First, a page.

This is a rush transcript from "Hannity & Colmes," September 25, 2008. This copy may not be in its final form and may be updated.
ALAN COLMES, CO-HOST: Yesterday, Sean sat down with Secretary of State Condoleezza Rice and asked her about Iran's growing threat, the state of Iraq and her meetings with foreign dignitaries this week at the U.N. Take a look.
SEAN HANNITY, CO-HOST: This is your 81st meeting of the week. So you've had a very busy week here.
CONDOLEEZZA RICE, SECRETARY OF STATE: Well, by the time I finish I will have had something like 80 meetings. But the U.N. G.A, General Assembly, is a great place to see everybody. Everyone comes. You can get together in different configurations, so it's helpful.
HANNITY: That's a lot. That's an awful lot of meetings. But this will be a fun one.
So let's start, obviously, with Iran.
HANNITY: Let's start with some of the comments of Ahmadinejad. He said the power of the U.S. is waning and the state of Israel will fail. He said the oppressive power of the U.S. is in decline. He said the regime of Israel, which is the core of aggression, is nearing its end. And he also went on to say that Israel should be eliminated from the universe.
RICE: Well, of course, these are not things that the leader of any country, particularly a country with great people like the Iranian people, should say. And it just reminds us who he is. It reminds us the nature of the regime.
And, by the way, the Iranians need to know that, of course, the United States stands strong, stands strong with its friends, will defend its friends, will defend its interests. And I really don't think the Iranians, despite Ahmadinejad's comments, I don't think they're confused about that.
HANNITY: But they — these comments are repeated continually. He denies the Holocaust. He's threatened to wipe Israel off the map. He continues to repeat these statements.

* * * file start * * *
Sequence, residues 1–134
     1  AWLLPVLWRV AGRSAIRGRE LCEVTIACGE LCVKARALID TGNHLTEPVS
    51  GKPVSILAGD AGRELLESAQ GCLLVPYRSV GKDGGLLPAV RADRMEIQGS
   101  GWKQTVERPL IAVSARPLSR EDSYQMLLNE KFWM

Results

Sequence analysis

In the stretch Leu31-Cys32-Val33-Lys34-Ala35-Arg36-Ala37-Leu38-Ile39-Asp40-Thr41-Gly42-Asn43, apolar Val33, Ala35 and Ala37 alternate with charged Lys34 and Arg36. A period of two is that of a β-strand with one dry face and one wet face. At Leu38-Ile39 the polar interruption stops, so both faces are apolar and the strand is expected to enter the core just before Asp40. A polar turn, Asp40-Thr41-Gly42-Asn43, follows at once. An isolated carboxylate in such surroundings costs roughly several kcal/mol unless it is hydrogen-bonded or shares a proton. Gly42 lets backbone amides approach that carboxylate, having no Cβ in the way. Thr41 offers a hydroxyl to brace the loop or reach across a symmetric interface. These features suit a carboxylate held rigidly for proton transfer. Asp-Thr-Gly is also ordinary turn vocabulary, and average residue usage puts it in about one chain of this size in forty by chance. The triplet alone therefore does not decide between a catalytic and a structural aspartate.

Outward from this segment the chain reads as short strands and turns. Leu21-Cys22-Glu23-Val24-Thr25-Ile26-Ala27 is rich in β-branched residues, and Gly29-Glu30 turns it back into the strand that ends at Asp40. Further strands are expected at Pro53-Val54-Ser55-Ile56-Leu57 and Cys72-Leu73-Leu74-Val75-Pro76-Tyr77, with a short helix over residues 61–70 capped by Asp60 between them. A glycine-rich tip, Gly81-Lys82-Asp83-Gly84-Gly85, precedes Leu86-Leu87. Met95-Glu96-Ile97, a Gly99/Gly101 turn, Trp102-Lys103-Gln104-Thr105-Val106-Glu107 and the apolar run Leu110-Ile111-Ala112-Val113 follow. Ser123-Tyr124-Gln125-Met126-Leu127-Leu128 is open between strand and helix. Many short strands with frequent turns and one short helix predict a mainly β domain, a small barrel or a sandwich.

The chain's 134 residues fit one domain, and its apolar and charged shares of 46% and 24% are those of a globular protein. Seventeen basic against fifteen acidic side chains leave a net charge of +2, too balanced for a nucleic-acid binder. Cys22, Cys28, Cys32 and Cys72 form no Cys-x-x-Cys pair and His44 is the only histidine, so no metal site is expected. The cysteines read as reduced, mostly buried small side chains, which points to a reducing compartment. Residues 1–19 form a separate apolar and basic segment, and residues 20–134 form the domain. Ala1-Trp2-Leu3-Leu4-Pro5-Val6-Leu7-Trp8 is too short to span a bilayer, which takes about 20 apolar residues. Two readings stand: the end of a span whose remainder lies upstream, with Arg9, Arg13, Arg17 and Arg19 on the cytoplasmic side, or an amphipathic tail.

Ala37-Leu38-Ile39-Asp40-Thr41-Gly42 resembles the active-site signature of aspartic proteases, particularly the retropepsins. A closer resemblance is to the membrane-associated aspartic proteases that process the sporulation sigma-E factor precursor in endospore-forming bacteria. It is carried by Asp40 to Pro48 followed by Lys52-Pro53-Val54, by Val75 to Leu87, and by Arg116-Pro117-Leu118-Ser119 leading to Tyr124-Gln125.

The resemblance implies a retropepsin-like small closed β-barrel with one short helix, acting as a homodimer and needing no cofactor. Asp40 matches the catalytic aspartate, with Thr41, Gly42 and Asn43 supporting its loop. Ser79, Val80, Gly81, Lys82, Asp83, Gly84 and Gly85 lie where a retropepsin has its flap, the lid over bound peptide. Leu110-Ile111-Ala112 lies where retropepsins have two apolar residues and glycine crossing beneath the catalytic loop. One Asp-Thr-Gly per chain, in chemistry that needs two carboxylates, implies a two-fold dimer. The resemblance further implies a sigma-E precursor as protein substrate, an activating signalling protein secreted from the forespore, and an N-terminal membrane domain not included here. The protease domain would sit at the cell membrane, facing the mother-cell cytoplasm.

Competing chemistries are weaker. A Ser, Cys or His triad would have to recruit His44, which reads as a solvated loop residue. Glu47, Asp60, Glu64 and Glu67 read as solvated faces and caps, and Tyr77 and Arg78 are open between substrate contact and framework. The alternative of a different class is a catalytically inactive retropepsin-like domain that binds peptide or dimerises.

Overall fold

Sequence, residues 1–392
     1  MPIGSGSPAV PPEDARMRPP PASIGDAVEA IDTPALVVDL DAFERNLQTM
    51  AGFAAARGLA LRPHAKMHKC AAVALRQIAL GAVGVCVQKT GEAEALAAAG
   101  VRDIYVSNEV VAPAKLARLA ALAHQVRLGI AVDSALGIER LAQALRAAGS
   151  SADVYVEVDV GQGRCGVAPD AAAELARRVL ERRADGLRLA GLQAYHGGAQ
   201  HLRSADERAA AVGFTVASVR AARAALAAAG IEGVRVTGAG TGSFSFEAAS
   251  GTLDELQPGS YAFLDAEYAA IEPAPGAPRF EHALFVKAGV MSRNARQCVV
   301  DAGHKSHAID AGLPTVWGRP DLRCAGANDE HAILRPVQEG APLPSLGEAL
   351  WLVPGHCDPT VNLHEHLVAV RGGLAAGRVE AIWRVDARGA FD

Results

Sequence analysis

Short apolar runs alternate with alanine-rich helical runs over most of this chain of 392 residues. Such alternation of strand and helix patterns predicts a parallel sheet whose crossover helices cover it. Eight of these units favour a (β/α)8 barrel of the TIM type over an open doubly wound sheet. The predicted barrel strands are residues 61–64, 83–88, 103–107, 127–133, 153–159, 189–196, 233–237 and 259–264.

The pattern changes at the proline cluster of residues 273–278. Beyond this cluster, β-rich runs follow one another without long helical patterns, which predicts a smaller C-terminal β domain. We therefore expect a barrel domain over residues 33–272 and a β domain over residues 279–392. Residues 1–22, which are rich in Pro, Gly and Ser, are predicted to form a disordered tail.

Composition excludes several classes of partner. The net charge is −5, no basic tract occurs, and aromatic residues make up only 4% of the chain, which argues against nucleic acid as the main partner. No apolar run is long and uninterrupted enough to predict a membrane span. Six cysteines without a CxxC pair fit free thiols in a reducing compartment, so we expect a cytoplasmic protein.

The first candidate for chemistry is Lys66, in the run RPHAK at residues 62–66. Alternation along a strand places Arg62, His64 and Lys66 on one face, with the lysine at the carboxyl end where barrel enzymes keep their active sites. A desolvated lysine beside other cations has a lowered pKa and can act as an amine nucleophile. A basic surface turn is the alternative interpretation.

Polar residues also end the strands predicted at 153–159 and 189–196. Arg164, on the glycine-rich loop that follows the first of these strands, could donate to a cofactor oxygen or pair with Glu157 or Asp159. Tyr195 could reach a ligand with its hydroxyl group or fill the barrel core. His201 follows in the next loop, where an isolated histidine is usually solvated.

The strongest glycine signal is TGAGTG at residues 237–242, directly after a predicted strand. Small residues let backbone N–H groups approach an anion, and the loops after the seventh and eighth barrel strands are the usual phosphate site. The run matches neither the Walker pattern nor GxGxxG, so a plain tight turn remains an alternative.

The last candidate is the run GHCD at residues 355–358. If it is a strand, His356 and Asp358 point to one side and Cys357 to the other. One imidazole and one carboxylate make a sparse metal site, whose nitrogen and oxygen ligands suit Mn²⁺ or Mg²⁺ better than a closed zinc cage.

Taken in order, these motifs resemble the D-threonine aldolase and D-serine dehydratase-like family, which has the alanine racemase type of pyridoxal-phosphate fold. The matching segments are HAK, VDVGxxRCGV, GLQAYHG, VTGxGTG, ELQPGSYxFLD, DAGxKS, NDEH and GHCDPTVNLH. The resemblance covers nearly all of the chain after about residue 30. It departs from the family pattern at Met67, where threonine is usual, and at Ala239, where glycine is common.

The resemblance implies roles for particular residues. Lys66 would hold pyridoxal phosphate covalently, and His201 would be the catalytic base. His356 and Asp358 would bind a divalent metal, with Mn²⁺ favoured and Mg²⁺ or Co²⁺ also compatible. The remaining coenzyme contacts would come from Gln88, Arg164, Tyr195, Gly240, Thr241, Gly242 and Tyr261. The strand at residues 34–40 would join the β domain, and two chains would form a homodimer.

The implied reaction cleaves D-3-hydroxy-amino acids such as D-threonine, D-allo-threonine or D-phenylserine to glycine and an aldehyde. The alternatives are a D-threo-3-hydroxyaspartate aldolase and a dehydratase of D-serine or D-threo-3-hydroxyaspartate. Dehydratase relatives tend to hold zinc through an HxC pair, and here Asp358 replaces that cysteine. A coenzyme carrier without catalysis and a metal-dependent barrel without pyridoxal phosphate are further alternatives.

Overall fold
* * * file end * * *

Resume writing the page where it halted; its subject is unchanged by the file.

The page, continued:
So, the question, I'm thinking, all right, if these comments were directed at the United States of America, I think I know what our reaction would be. If we thought that this was a real, imminent danger, we would probably react, probably preemptively. And that now puts a moral dilemma and a quandary on Israel.
What should they do? And what will we do if they decide to strike their nuclear facilities?
RICE: Well, the very fact that we talk about such things demonstrates how destabilizing it would be if Iran were to acquire a nuclear weapon. And that's why we are working so hard to make certain that they don't.
Now, we believe, and the Israelis have said, that they believe this is best solved diplomatically. We're working diplomatically to do it.
And by the way, it's not just what we do through the U.N. Security Council. It's also the fact that through the sanctions that the United States and, increasingly, the European Union is applying without the Security Council, if you will, the Iranians are suffering from a lack of the ability to use the financial system. Companies are leaving Iran. I think the Iranians are really paying a cost for this.